Parsnip and mushroom Wellington

This is the dish I made when my brothers came to see me last Christmas, so it brings back happy memories, as well as being a poignant reminder that we won’t be able to meet this year. Although it involves a number of steps, it is well worth the trouble for any special occasion and was as popular with omnivores as with my vegan brother. Besides, if you’re in lockdown like me, what else are you doing? The recipe, which is by Maria Elia, was in delicious. magazine last year.

I have given the ingredients and method for each element of the Wellington, as you can prep them in advance to avoid a kitchen marathon before dinner – but do check all the ingredient lists before you go shopping. I used a porcini and truffle paste in the mushroom filling instead of the truffle oil. The original recipe suggests adding dried cranberries on top of the parsnips, but I have never been able to see the point of dried cranberries (some cranberries I added to the compost heap didn’t decompose and I have been suspicious of them ever since). You’ll need around 45g if you feel differently. I have given the quantities for a large Wellington to feed 8, but I actually made a half quantity, which might fit the bill if your festive meal will be for a smaller group this year. The original article give a recipe for gravy using the porcini soaking water and parsnip trimmings: gravy is definitely a good idea, but I have suggested adding some mushrooms to give a richer flavour.

Note that the finished Wellington needs to be chilled for at least 30 minutes before you bake it. I suggest making the puree, roasted parsnips and mushroom filling in the morning, then you can assemble the Wellington at tea time and put it in the fridge, leaving you free to welcome your guests. All you have to do is pre-heat the oven, prepare your chosen vegetables and glaze the Wellington before you put it in the oven.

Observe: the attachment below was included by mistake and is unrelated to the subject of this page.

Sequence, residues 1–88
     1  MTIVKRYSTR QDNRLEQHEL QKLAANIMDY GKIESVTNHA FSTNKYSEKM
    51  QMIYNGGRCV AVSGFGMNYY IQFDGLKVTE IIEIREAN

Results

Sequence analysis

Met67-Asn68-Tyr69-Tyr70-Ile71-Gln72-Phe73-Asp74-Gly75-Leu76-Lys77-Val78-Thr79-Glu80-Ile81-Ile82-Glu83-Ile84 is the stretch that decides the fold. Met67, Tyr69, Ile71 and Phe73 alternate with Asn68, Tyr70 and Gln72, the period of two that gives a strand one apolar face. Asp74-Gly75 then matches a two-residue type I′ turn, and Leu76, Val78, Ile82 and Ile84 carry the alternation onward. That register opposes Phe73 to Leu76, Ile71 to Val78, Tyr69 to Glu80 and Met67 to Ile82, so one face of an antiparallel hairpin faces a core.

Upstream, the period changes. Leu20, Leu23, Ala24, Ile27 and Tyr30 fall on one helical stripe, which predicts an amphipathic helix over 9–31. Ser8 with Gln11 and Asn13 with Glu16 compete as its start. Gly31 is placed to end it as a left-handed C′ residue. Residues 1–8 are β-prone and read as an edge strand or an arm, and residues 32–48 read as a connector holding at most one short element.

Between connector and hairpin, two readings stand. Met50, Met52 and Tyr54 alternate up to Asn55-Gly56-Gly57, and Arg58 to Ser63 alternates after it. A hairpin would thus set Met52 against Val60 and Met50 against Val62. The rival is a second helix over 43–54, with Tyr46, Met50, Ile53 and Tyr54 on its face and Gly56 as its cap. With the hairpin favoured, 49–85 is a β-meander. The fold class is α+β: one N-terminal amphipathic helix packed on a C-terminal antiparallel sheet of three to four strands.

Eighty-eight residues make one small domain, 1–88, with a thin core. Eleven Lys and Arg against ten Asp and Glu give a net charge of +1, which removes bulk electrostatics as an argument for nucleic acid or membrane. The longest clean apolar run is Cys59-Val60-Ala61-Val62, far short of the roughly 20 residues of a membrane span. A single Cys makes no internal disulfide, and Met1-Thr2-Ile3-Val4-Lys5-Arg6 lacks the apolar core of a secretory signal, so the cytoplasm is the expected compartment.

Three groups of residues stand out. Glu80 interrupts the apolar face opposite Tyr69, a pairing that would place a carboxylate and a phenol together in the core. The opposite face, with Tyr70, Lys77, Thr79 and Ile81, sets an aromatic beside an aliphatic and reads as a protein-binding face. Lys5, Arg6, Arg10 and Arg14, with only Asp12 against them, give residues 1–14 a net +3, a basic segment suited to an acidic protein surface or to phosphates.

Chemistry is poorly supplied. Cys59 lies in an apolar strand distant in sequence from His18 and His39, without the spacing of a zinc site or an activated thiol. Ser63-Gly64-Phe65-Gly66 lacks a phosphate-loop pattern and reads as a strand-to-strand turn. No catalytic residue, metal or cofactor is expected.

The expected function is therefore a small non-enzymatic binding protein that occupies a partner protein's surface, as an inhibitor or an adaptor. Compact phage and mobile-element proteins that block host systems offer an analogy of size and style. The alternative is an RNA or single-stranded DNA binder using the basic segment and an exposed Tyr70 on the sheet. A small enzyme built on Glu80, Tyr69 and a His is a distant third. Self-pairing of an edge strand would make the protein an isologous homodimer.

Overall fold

Butter bean puree

  • 2 tsp olive oil
  • 1 small onion
  • 1 garlic clove
  • 2 sprigs fresh thyme
  • 2 fresh sage leaves
  • 200g tinned butter beans
  • 1 tsp sherry or balsamic vinegar
  • 1 tsp truffle oil

Finely slice the onion, chop the garlic, strip the thyme leaves from the stem and chop the sage leaves. Heat the oil in a large frying pan, and add the onion and a pinch of salt. Cook over medium heat, stirring frequently, for 10 minutes and then add the garlic and herbs. Continue to cook until the onion is soft and caramelised, which will take another 5-10 minutes. Transfer to a food processor with the butter beans, vinegar and truffle oil, and pulse until they form a rough puree (or use a stick blender).

Roast parsnips

  • 3 large, evenly-sized parsnips (around 750g)
  • 2 tbsp olive oil
  • 2 tbsp dijon mustard

Heat the oven to 200°C/180°C fan/gas 6. Peel and quarter the parsnips, keeping the peel to add flavour to your gravy if you wish. Toss the parsnips in the olive oil and season with salt and black pepper. Roast them for 20-25 minutes until golden and almost tender, turning them once or twice so that they cook evenly. Coat them with mustard and leave them to cool.

Mushroom & chestnut filling

  • 5 tbsp olive oil
  • 400g mixed mushrooms
  • pinch chilli flakes
  • 20g dried porcini mushrooms
  • 75g cooked chestnuts
  • 2 tbsp truffle oil